FIG. 6 shows that a cell contains main bonding pads 14 and auxiliary bonding pads 15. Only main pads command their own pad lines as shown in FIG. 2. An auxiliary pad is connected to a next neighbor main pad.
FIG. 7 shows a detail 13 as it may be found in FIG. 5. The narrow lines are pad lines 6 and 7, and the wide lines are net lines 9 and 10. Cross-overs between pad lines are insulated. Cross-overs between net lines are generally also insulated except that each horizontal net line is connected through a via hole 16 at one point to a vertical net line. Cross-overs between pad lines and net lines have a via hole 17 cut into the insulator between the metal layers for a connection in between.
FIG. 8 shows a cross section through a cross-over between a pad line and a net line. Lower level metal 19 is generally separated from upper level metal 20 by the insulator 21 except for the via hole within the insulation where the metals are interconnected if appropriate for design.
FIG. 9 shows how the desired interconnection between three pads 8 is made by selecting two orthogonal net lines 9 and 10 which are permanently connected to each other by via hole 23 between the applicable pad lines 6 and 7 and the chosen net.
FIG. 10 shows how smaller chips 24 and 25 which requires less area and a smaller number of pads then provided by a cell can be accommodated efficiently. Some unused pads 15 are buried under the chip. Power connections 26 are made directly to one of the power rails and not to a pad 8.
FIG. 11 shows how a mixture of chips which require larger, equal, and smaller areas than provided by a cell can be accommodated. The number within the chip symbols indicate maximum size and available logic signal pads.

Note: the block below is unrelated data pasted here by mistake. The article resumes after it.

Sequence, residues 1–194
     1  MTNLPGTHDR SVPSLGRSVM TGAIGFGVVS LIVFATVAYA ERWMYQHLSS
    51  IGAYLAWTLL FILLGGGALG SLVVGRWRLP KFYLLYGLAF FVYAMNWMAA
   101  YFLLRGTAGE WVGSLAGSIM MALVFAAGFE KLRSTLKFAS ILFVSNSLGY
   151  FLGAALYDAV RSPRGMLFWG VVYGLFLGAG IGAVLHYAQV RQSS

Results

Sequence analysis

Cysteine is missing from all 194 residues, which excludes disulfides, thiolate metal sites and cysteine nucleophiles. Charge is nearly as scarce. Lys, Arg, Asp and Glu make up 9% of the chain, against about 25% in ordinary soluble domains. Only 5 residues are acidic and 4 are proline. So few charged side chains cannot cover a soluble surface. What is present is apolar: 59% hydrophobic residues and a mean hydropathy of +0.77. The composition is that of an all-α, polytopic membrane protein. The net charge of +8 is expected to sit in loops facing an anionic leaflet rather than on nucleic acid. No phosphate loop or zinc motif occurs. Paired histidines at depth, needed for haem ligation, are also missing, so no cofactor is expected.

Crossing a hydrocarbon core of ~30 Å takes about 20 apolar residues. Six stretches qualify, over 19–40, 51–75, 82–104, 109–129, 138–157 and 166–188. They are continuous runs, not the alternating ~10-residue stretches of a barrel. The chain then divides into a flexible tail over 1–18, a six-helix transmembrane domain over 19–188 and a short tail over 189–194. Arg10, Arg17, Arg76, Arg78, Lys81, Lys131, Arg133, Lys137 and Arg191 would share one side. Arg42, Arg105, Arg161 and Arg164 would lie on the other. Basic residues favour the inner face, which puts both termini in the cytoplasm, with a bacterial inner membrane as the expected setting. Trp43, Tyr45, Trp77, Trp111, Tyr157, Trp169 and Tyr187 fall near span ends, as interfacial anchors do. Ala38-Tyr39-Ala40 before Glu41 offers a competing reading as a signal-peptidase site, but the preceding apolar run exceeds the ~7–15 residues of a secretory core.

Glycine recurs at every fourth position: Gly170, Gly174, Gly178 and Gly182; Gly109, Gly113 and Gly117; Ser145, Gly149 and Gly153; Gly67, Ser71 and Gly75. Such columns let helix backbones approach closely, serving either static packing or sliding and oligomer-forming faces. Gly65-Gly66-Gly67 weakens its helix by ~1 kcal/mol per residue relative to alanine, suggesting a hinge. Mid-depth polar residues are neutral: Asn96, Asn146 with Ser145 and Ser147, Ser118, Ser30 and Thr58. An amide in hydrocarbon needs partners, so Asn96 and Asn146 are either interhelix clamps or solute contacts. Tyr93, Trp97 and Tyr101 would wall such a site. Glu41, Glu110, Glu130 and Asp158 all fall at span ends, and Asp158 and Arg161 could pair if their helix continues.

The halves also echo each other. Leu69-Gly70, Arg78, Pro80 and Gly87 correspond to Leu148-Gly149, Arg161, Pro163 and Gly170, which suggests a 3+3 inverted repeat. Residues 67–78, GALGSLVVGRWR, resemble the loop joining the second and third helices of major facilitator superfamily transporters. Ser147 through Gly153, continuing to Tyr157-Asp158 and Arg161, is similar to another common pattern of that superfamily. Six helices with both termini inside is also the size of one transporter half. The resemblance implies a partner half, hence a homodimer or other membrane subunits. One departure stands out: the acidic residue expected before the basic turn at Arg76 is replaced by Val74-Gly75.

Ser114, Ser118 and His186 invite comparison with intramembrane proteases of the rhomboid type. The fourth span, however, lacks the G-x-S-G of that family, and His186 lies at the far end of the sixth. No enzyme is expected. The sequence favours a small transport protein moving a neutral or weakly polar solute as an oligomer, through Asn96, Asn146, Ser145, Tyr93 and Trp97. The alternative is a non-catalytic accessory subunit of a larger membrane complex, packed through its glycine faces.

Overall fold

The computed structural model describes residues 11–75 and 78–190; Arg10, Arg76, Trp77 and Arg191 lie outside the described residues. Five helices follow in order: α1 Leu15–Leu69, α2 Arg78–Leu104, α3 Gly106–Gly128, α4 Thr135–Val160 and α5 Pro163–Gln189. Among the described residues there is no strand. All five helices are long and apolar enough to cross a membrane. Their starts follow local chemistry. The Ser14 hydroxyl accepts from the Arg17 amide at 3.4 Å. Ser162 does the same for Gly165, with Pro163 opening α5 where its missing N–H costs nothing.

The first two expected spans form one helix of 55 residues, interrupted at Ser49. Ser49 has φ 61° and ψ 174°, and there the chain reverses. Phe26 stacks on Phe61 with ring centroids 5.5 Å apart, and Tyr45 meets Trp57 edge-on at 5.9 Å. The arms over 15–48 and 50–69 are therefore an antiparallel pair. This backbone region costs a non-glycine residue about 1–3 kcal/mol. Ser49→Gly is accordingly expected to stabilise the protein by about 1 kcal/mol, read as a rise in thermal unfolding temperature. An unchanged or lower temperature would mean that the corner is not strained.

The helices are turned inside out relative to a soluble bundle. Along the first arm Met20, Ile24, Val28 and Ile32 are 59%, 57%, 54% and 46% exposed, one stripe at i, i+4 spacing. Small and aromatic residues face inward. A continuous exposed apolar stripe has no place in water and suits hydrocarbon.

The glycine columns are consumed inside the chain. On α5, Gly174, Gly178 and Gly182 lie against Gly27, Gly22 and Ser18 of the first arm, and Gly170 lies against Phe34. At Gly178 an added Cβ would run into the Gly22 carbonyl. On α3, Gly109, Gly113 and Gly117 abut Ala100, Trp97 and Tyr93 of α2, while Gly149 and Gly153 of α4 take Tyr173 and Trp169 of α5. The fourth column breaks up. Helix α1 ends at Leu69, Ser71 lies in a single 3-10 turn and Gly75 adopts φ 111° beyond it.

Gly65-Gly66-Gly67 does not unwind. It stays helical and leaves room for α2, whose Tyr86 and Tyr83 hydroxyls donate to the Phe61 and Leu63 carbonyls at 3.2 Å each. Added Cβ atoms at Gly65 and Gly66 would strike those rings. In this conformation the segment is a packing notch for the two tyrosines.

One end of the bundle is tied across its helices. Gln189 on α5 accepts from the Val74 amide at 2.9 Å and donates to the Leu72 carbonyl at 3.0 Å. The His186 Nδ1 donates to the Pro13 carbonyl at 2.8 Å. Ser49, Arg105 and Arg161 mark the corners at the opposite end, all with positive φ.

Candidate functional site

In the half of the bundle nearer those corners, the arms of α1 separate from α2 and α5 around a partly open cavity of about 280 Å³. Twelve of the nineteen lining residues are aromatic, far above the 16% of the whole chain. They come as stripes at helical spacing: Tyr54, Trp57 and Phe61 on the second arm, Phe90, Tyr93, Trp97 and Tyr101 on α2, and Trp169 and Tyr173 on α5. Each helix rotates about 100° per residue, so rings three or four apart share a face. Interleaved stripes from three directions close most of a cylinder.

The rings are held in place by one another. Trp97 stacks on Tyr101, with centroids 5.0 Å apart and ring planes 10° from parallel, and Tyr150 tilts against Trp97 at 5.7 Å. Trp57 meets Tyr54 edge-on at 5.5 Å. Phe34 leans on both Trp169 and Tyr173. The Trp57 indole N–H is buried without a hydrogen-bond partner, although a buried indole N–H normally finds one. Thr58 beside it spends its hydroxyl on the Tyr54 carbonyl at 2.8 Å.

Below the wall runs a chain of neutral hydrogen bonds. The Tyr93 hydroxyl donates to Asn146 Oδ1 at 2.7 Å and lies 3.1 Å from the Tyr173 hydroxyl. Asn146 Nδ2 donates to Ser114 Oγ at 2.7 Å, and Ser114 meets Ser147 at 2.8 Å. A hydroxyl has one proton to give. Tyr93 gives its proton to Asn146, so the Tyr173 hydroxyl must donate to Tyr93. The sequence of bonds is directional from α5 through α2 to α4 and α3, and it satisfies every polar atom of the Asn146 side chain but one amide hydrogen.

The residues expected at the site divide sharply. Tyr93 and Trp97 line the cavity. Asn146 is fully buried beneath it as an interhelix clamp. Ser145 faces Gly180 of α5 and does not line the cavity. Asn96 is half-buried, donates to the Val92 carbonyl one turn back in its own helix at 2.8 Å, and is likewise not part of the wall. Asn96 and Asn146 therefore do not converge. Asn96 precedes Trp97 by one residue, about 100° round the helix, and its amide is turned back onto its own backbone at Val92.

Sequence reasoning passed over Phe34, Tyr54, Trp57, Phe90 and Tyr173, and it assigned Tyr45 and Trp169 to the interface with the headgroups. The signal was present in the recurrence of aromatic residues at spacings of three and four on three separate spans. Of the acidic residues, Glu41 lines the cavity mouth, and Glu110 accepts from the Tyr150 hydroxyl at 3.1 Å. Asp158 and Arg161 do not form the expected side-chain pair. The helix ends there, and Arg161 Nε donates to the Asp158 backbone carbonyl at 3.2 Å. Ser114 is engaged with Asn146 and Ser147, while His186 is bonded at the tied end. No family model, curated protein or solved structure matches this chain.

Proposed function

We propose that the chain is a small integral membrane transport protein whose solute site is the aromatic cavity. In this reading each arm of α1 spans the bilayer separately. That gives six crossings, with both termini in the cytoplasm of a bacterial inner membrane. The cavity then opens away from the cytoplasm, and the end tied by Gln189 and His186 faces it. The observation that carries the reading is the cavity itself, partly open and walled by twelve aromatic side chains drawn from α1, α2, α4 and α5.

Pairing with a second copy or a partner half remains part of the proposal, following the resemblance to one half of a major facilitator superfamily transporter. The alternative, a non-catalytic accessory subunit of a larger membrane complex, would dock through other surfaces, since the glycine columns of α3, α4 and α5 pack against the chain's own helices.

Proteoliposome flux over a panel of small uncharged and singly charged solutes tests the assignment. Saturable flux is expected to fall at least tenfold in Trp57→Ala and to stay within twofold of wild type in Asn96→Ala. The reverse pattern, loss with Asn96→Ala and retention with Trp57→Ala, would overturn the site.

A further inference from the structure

FIG. 12 shows how the strips containing the power buses and the bonding pads are layed out.
From the above, it will be seen that the drawings disclose a substrate 1 which by itself may be made either of conductive or non-conductive material. This substrate carries two planes or layers of patterned metal 19, 20, thus providing two principal levels of interconnection. An insulation layer 21 is placed between the metal layers and also between the lower metal layer and the substrate if the latter is conductive. Connections between the metal layers or between the metal layer and the substrate can be made through via holes in the insulator layer or layers, respectively.
The real estate provided by the substrate 1 is divided up into special areas used for inner cells 2 outer cells 3 signal hookup areas 4 and power hookup areas 5. In one preferred embodiment, the substrate may be a disk with a diameter of 75 mm, the cells may be squares with edges of 9 mm, the signal hookup areas may be rectangles with sides of 4.5 mm and 36 mm, and the power hookup areas may fill out the remaining space at the "corners".